" Chance favors the prepared mind."

Louis Pasteur






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General Hospital


NIGMS Glue Grants

Inflammation and the Host Response to Injury is funded as a "glue" grant by the National Institute of General Medical Sciences (NIGMS), a component of the National Institutes of Health (NIH). This collaborative research program sponsored by NIGMS is a new mechanism developed beginning in 1998 that encourages independently-funded investigators to work together to solve a major biomedical research problem. The funds are intended to provide the "glue" to bring investigators together and allow them to work together interactively. The program also provides unique opportunities to attract the expertise of other scientists who have not traditionally been involved in biomedical research, such as engineers and informatics specialists. Funded programs make a commitment to NIGMS to share data and materials produced from the glue grant effort to the scientific community that extends beyond researchers participating in the program.

Note: In 2011, NIGMS has decided not to reannounce the Glue Grant large-scale collaborative project award. NIGMS plans future consideration of alternate funding mechanisms for support of collaborative and integrative science.

Click here to learn more about the NIGMS and its funding opportunities


Our Glue Grant

Inflammation and the Host Response to Injury
consists of a network of investigators from leading U.S. academic research centers. Participating institutions include hospitals that participate in clinical research studies, academic medical centers that perform analytical studies on blood and tissue samples, and informatics and statistics centers that develop databases and analyze data. The Massachusetts General Hospital in Boston (MGH) is the awardee institution and the "home" of the principal investigator, Dr. Ronald G. Tompkins.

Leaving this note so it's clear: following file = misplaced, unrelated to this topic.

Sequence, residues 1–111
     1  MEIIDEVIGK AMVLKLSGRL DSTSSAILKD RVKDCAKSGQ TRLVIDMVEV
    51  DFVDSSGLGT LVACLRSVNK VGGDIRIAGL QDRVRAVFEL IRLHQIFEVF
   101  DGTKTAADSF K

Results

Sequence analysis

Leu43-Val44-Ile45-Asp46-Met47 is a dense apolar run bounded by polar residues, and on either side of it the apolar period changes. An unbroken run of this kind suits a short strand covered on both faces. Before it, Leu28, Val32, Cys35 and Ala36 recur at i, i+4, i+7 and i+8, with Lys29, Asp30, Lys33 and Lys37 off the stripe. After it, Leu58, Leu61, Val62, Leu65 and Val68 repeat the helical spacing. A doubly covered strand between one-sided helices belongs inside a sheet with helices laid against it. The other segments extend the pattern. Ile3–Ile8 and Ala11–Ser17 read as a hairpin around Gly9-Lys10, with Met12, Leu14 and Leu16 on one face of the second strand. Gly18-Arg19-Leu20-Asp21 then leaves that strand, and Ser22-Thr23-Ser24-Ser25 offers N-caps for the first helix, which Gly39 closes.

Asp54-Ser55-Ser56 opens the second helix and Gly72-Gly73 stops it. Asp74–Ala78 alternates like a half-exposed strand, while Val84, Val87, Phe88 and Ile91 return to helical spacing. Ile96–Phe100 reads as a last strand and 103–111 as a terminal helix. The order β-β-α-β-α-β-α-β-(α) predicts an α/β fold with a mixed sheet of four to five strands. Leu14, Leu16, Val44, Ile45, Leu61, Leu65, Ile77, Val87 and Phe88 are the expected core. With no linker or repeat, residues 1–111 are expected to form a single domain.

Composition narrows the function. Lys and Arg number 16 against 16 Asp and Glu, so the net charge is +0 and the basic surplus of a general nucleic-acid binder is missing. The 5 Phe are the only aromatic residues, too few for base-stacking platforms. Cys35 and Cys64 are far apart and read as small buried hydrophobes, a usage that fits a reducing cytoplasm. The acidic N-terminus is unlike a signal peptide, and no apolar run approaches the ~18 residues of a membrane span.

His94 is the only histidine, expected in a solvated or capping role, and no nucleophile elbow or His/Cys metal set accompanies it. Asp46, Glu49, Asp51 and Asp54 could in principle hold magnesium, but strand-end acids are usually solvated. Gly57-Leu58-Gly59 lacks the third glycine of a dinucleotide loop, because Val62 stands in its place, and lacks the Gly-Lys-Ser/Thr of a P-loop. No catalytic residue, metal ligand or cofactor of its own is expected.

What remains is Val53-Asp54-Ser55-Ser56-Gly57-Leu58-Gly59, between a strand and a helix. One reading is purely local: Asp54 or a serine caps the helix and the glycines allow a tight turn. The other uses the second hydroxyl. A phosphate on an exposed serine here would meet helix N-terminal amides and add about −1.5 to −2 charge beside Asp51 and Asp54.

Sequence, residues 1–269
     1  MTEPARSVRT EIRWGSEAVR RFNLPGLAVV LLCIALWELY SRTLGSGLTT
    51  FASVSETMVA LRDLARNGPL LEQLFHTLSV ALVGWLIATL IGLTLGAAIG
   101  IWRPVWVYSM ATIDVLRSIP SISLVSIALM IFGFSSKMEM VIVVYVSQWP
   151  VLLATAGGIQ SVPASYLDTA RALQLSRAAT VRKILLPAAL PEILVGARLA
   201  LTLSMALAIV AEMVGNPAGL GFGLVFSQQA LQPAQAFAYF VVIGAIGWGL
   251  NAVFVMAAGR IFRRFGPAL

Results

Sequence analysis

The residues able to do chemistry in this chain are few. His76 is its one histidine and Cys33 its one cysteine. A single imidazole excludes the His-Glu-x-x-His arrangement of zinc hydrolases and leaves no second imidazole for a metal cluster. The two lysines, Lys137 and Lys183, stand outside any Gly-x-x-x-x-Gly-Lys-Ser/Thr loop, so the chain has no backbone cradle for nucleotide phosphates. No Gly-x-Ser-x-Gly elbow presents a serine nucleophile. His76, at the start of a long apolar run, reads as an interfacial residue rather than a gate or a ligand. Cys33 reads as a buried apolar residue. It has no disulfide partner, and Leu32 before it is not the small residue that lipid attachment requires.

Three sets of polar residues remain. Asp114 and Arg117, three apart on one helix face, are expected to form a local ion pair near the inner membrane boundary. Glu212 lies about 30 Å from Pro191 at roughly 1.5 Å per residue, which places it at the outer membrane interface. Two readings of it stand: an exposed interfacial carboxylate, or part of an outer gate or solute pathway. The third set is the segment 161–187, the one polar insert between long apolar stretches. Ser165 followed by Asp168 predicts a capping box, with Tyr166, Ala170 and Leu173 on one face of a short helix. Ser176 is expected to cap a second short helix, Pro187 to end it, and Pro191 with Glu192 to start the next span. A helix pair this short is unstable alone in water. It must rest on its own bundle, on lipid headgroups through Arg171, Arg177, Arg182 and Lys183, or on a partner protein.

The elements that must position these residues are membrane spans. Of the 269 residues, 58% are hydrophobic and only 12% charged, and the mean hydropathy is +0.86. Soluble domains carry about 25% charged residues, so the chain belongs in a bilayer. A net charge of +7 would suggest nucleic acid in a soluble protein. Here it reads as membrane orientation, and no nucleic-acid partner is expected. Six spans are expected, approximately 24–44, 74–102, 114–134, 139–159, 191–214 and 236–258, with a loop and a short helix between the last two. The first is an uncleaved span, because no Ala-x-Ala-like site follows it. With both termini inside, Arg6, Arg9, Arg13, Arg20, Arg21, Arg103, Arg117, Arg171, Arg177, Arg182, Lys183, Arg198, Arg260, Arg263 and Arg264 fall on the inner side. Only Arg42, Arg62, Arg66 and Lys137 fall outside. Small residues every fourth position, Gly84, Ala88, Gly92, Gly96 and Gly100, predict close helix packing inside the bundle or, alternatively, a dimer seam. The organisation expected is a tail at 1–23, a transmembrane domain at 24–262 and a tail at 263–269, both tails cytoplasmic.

A microchip

Dr. Tompkins leads the program, which is organized into seven core groups. Each of the core groups is composed of a core director, participating investigators, and other experts. Core personnel are accomplished and highly successful basic scientists working in the areas of research relevant to the focus of each individual core. In addition to researchers who are experts in identifying and quantifying molecular events that occur after injury, the program includes experts who have not traditionally been involved in injury research but have been integrated into the program to expand the multi-disciplinary character of the team. These experts include biologists who are leaders in genome-wide expression analysis, engineers who are well recognized in genome-wide computational analysis, and bioinformatics experts who are leaders in the construction and analysis of large and complex relational databases. Program scientists are mutually supported by core resources that provide the expertise, technology, and comprehensive, consensus-based databases that will define the success of our program.

Click here to learn more about the core research groups